Tag Archives: Duck

Blue-winged Teal Vacuums

Blue-winged Teals often eat in circles, almost like a choreographed dance of vacuum cleaners. There was plenty of duckweed to go around on this day and the wind was keeping it concentrated in one side of the pond, keeping the ducks near the walking path.

Blue Winged Teals Feeding on Duckweed
Blue Winged Teals Feeding on Duckweed

The duck’s movements leaves trails in the duckweed, indistinguishable from a path made by an underwater Alligator.

Blue Winged Teal
Male Blue Winged Teal

These three female Teals stayed in a row for quite awhile, perhaps because there is safety in numbers.

Blue Winged Teals Feeding on Duckweed
Blue Winged Teals Feeding on Duckweed

When the light hits them just right the iridescence on the males’ heads is quite pretty.

Blue Winged Teals Feeding on Duckweed
Blue Winged Teals Feeding on Duckweed

Gadwall

A few Gadwalls have been hanging out at Ravenswood Pond for the winter. They have been pretty quick to move to the middle or far side of the pond if they sense any human activity. On this day this small group took their time passing by me.

Gadwall
Gadwalls

They will be heading out soon on their spring migration.

Gadwall
Gadwall

This scene is looking the length of this rectangular, man-made pond. The “skinny tree” I sometimes mention is hosting a Great Blue Heron and can be made out on the right.

Pond with Gadwalls
Ravsenswood Pond with Gadwalls

There is duck weed all around the pond and some other bright green pond vegetation has thrived on the right-hand side.

Mottled Duck, 2

This pair of Mottled Ducks had been snugged up against the pond shore, then calmly paddled away as I approached.
Mottled Duck
Mottled Duck

They didn’t go far and swung around to catch the morning sun.

Mottled Duck
Mottled Duck

The pair stuck pretty close together, paralleling the shore line.

Mottled Duck
Mottled Duck Pair

Ding Darling National Wildlife Refuge, Florida
January 6, 2020

 

Follow The Leader

The sun was going down behind me as I looped back by the pond where I had photographed the Mottled Duck pair and Tricolored Heron.

I took some landscape images and then realized the ducks and heron were still there, in the tall grass.

Pond, Sun's Last Rays
Pond, Sun’s Last Rays

The Tricolored Heron started working his way back out into the open.

Tricolored Heron and Mottled Duck Pair
Tricolored Heron and Mottled Duck Pair

And the ducks followed him.

Tricolored Heron and Mottled Duck Pair
Tricolored Heron and Mottled Duck Pair

The heron continued to wade and the ducks swam behind, all in a row.

Tricolored Heron and Mottled Duck Pair
Tricolored Heron followed by Mottled Duck Pair

Mottled Duck

This pair of Mottled Ducks was swimming in and out of patches of late afternoon sun on a shallow pond.

Mottled Duck Pair
Mottled Duck Pair

I stopped at a bench at the edge of the pond and they watched me as I watched them.

Mottled Duck
Mottled Duck

Baily Tract, Ding Darling National Wildlife Refuge, Florida
January 6, 2020

I used the Merlin App to identify these as Mottled Ducks. Further reading at Cornell’s All About Birds:

It’s reminiscent of a female Mallard or an American Black Duck, but this is the closely related Mottled Duck. They’re so closely related that hybridization, especially with Mallards, poses a real threat to the Mottled Duck’s future.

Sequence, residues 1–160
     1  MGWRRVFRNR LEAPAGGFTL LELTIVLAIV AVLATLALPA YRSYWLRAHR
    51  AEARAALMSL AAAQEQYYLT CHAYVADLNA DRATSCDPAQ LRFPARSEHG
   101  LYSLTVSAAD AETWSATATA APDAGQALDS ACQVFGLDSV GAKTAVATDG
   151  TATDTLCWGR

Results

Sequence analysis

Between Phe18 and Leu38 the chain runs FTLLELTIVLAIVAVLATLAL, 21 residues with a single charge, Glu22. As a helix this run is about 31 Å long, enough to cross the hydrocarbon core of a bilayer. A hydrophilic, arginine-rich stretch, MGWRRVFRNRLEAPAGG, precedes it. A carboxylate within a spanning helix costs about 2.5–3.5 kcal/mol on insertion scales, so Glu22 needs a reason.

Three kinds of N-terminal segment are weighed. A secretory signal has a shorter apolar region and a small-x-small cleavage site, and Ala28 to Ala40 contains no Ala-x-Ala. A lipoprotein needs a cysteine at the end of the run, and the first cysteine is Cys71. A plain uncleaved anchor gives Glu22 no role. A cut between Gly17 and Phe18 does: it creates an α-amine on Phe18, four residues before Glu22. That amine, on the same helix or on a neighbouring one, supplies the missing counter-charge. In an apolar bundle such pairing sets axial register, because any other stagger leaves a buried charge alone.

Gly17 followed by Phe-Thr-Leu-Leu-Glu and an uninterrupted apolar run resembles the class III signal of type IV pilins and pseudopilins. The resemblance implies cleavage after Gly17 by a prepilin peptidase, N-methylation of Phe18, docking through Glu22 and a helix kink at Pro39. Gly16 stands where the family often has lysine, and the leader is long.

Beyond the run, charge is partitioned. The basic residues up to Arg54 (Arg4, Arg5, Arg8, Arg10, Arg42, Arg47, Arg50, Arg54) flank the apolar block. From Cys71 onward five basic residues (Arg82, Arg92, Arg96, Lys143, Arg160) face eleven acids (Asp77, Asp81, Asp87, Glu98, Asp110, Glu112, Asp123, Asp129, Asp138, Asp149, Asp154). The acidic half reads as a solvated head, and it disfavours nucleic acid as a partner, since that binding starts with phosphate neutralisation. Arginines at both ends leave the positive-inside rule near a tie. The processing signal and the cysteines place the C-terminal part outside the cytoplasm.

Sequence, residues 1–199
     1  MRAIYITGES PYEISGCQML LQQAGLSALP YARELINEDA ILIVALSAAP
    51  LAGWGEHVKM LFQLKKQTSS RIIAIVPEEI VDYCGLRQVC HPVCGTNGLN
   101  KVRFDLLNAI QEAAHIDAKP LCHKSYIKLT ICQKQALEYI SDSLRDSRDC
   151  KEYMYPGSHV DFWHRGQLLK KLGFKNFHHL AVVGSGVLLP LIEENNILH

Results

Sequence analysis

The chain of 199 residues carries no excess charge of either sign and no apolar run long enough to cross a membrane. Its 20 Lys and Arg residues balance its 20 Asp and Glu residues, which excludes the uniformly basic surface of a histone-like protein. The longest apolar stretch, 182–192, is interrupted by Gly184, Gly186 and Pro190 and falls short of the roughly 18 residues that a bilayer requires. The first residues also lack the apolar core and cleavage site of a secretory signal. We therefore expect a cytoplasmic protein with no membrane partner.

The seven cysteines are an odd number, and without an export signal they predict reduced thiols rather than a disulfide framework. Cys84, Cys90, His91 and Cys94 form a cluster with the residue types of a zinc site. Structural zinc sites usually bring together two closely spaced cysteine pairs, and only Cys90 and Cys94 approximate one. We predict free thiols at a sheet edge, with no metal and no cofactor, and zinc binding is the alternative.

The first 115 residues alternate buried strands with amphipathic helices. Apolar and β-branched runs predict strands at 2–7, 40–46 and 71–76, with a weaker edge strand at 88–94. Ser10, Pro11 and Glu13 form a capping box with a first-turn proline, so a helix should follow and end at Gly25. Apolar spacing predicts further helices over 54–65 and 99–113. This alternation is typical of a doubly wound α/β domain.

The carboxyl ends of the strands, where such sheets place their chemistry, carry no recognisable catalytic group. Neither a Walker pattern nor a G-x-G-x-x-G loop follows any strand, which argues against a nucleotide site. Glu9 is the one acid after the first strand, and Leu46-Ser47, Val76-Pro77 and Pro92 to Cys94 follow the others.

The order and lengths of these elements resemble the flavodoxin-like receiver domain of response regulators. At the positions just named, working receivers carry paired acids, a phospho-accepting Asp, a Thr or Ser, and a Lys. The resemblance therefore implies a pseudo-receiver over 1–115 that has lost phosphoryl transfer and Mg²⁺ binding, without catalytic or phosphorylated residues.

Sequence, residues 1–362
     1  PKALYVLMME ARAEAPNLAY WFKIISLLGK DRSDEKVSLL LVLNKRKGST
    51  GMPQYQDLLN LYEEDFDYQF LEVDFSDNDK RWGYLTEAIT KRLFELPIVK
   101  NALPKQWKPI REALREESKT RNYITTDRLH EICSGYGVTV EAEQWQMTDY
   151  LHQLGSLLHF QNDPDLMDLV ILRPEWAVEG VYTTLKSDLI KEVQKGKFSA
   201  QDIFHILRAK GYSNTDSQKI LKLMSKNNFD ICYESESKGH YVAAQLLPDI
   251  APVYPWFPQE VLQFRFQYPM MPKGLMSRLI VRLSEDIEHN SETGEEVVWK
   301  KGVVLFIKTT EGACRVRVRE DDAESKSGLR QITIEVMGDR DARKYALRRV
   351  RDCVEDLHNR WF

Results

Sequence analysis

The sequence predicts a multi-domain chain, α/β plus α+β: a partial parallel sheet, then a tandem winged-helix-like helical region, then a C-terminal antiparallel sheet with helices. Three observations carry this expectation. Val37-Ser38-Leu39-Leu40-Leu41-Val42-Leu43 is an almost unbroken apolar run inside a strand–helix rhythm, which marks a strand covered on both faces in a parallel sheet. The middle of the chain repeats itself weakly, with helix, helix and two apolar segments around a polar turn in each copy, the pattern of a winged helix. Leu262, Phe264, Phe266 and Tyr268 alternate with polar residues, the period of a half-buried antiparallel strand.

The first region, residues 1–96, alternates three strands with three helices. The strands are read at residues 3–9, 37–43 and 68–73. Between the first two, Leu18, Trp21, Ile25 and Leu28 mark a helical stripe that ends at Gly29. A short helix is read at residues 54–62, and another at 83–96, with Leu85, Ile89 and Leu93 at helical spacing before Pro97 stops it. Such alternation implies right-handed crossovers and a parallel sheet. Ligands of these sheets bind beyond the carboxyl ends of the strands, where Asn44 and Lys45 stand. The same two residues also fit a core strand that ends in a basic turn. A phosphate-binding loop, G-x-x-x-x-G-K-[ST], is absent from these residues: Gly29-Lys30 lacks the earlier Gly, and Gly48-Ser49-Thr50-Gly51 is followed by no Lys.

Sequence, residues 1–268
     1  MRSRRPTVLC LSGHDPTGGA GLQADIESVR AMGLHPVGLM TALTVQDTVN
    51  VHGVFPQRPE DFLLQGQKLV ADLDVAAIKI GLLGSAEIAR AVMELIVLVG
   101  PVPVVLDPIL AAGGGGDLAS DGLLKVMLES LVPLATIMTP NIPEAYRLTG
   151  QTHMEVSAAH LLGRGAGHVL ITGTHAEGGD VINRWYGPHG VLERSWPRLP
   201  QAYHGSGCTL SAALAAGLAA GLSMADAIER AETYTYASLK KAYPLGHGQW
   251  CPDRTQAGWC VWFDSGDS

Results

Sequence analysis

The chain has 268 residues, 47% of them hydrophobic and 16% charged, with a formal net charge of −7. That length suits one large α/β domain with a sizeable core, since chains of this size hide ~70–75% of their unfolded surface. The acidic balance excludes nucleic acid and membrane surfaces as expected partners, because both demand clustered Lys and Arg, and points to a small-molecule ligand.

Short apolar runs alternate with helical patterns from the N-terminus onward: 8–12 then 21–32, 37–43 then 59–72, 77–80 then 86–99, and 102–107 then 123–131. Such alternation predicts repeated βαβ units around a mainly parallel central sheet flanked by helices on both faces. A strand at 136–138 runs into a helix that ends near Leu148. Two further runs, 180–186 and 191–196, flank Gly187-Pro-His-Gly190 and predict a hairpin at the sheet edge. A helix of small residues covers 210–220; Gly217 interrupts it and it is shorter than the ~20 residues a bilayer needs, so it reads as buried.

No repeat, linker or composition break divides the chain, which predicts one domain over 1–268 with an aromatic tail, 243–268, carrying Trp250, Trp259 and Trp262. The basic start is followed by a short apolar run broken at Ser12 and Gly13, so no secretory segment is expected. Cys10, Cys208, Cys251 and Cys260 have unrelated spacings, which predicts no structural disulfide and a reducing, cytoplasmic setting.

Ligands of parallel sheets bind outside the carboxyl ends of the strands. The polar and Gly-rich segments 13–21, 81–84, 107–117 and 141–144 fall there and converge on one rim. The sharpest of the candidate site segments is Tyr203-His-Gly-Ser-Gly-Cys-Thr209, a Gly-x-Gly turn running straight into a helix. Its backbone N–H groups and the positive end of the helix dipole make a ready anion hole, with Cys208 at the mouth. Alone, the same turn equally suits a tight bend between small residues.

In Florida, hybridization with introduced Mallards has produced many so-called “Muddled Ducks,” and care is needed to confirm identification of a “pure” Mottled Duck.

Wood Ducks Are Back

Yesterday was the first time I’ve seen more than two or three Wood Ducks together since last spring’s ducklings matured earlier in the summer.

Wood Ducks on Alligator Ramp
Wood Ducks on Alligator Ramp

Several were lined up on an Alligator ramp as I approached and a few small groups were paddling around in the pond. They tend to be skittish and their general direction was away from me, but a couple more flew onto the ramp.

Wood Ducks in Pond
Wood Ducks in Pond

I heard a Hawk call in the distance and these two groups and about twenty more that I didn’t even know were there in the tree line along my path flew off in a frenzy. Sadly, no photos of that!

Wood Ducks on Alligator Ramp
Wood Ducks on Alligator Ramp

Black-bellied Whistling Ducks

I’ve stopped to watch Black-bellied Whistling Ducks in this marshy area several times this summer. One day last week a few were quite close to the walk way and were less skittish than on previous visits.

Black-bellied Whistling Ducks
Black-bellied Whistling Ducks

Some of the chicks are nearly adult size but are still sticking close to a parent.

Black-bellied Whistling Duck Family
Black-bellied Whistling Duck Family

This one had been standing on the end of the of the walkway and decided to join the others…

Black-bellied Whistling Duck in Flight
Black-bellied Whistling Duck in Flight

…landing in the short greenery with the family group behind him.

Black-bellied Whistling Duck in Flight
Black-bellied Whistling Duck Touching Down

Black-bellied Whistling-Duck Pair

There were several pairs of Black-bellied Whistling-Ducks around the edges of a pond, mostly tucked into the vegetation. Neither one of this pair moved a bit after I spotted them.

Black-bellied Whistling-Duck
Black-bellied Whistling-Duck

From another direction this pair took flight towards another connected pond, showing off more of their striking colors.

Black-bellied Whistling-Duck Pair in Flight
Black-bellied Whistling-Duck Pair in Flight